It’s a false notion that the African-American history of our nation is often confined to the walls of museums and the granite curves of artistic monuments. No — this history is too tumultuous to be tamed by man-made structures, too complex to be hidden away on shelves or even showcased on stages. Perhaps black history belongs, like the stories of African oral tradition, out in the wild. After all, how could the African-American story not be intertwined with the rugged nature that was the backdrop to early settlers and frontiersmen? How could black history not be a part of the tales of pioneers and trailblazers of the outdoors…echoing in parks, mountains, gardens, and caves?
For those that want to hear a different take on the black experience in America, this is a chance to listen; listen to the wind rustling through the leaves, the trickles of water running over stone, the buzzing of bees over colorful flowers. This is a chance to learn about black history like you’ve never heard it before – through its unique connection to the great outdoors.
These are the outdoor experiences that can teach you about black history. Come along, and take a walk with us as we visit them…
The Harriet Tubman Underground Railroad National Monument – Maryland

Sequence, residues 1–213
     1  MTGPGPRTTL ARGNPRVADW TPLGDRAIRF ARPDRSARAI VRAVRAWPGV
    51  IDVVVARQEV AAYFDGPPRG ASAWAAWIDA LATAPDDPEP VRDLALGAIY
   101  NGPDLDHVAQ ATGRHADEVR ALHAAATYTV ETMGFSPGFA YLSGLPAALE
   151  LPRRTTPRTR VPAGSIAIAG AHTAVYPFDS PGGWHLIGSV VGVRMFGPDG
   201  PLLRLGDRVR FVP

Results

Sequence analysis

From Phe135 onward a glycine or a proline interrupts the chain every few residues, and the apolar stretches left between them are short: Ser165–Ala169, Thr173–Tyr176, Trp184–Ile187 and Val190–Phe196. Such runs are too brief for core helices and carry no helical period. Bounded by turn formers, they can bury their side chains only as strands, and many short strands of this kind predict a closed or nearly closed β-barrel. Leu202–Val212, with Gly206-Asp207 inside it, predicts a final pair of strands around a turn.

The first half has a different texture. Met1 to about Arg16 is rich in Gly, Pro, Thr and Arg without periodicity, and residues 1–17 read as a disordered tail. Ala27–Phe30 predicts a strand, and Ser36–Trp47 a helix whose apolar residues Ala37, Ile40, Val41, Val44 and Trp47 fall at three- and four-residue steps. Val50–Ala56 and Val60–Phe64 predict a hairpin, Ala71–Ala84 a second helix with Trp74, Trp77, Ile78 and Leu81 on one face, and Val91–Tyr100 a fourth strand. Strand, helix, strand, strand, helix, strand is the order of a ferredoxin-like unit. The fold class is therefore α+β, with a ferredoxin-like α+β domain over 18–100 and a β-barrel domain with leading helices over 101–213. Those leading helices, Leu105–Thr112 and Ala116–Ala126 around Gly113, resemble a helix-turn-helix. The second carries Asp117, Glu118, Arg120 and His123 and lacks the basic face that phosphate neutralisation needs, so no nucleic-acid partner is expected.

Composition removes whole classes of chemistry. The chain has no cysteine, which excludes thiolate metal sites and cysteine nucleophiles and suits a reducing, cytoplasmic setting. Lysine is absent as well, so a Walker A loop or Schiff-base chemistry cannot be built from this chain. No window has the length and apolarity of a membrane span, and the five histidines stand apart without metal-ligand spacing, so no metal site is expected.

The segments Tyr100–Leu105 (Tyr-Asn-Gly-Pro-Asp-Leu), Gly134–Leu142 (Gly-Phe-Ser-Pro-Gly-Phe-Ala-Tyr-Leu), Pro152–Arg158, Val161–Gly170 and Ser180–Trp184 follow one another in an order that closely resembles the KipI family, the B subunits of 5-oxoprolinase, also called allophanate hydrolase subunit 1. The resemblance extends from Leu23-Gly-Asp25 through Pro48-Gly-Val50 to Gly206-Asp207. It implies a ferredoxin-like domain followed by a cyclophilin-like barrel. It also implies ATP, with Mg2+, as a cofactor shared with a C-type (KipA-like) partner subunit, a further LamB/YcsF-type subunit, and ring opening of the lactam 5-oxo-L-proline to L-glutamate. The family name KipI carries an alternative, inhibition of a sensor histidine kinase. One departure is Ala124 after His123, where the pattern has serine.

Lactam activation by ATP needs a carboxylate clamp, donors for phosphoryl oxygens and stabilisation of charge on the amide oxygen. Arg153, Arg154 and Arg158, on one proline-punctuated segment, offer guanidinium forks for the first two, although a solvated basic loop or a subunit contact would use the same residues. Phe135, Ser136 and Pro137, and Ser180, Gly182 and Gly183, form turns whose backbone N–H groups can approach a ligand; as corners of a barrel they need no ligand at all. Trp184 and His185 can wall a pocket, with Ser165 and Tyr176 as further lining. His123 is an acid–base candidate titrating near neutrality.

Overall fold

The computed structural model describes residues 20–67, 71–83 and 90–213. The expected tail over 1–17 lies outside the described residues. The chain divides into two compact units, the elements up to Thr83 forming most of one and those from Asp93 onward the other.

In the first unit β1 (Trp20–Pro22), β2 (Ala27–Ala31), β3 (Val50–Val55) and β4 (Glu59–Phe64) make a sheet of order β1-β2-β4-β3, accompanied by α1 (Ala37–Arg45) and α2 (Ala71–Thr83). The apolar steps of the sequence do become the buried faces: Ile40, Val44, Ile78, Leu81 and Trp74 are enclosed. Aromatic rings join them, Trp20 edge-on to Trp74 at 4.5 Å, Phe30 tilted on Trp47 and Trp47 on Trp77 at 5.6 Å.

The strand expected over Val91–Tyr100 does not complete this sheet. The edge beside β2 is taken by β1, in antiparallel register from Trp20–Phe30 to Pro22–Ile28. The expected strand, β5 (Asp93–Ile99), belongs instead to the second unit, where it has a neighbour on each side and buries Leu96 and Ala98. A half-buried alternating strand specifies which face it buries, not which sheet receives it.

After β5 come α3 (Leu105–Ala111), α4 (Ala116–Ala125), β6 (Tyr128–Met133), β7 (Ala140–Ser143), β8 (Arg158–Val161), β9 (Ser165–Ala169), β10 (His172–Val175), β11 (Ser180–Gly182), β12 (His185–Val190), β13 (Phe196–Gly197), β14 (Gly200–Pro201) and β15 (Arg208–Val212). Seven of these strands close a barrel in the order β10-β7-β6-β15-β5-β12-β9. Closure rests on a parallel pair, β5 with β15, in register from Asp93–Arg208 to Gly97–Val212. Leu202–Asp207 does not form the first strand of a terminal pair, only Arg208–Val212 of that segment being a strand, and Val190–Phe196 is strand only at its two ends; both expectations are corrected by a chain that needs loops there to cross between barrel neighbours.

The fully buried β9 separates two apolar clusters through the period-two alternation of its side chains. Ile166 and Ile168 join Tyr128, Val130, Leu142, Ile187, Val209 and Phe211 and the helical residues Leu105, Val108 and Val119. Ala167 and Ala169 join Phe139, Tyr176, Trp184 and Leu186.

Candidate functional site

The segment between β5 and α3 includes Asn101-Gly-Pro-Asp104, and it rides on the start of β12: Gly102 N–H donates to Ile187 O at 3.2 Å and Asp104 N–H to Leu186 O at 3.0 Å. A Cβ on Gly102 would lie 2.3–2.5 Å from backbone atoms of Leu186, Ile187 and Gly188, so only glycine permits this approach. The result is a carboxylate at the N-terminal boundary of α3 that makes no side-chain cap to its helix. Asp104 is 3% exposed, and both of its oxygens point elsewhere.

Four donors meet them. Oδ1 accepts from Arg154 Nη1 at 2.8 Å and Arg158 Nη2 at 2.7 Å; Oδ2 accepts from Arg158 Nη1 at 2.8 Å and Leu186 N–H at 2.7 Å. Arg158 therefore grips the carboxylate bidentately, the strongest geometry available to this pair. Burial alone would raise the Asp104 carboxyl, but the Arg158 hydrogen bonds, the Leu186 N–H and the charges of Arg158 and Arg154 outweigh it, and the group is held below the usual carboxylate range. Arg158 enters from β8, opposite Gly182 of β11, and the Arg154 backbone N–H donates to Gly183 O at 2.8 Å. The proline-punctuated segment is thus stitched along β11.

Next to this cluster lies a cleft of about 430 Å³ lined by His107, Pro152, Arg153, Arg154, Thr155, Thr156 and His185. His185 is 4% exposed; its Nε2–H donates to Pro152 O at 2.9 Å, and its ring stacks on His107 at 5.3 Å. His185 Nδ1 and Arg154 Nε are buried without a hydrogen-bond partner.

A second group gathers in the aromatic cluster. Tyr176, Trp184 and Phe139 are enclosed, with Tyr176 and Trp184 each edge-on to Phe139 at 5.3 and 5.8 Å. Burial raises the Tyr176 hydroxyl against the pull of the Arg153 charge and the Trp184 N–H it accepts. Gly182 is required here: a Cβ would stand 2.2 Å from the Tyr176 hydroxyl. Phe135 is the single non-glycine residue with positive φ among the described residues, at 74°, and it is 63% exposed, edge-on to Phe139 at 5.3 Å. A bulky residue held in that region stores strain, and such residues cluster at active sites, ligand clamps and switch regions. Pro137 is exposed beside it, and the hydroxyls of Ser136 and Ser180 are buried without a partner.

Harriett Tubman is no stranger to the fight against slavery. She played an important role in the Underground Railroad — the network of abolitionists and activists that helped people escape slavery — and was known as “Moses of her People”. While visitors can learn all about Tubman and the Underground Railroad at this monument, a more significant backstory is told by the neighboring Blackwater National Wildlife Refuge. It was here that Tubman spent years as a farm slave and timber laborer before she escaped slavery herself. In her time working in this rough and unforgiving environment, Tubman honed her outdoor survival skills and confidence in maneuvering stealthily in both day and night. These skills would come to save her life and the life of dozens of men, women, and children during the countless times she guided people from the clutches of Maryland slaveholders to safety in neighboring Canada (the northern US was still unsafe for escaped slaves).
“I was conductor of the Underground Railroad for eight years, and I can say what most conductors can’t say – I never ran my train off the track and I never lost a passenger.” — Harriett Tubman
Over 11 years, Tubman kept daringly coming back to the Eastern Shore of Maryland, rescuing some 70 slaves in about 13 perilous expeditions. Walking through the refuge today, it doesn’t take much to imagine Tubman in her twenties, longingly looking over the waters and up into the sky, envying the majestic birds as they flew away with the one thing that she truly craved the most — freedom.
Sequoia & Kings Canyon National Park – California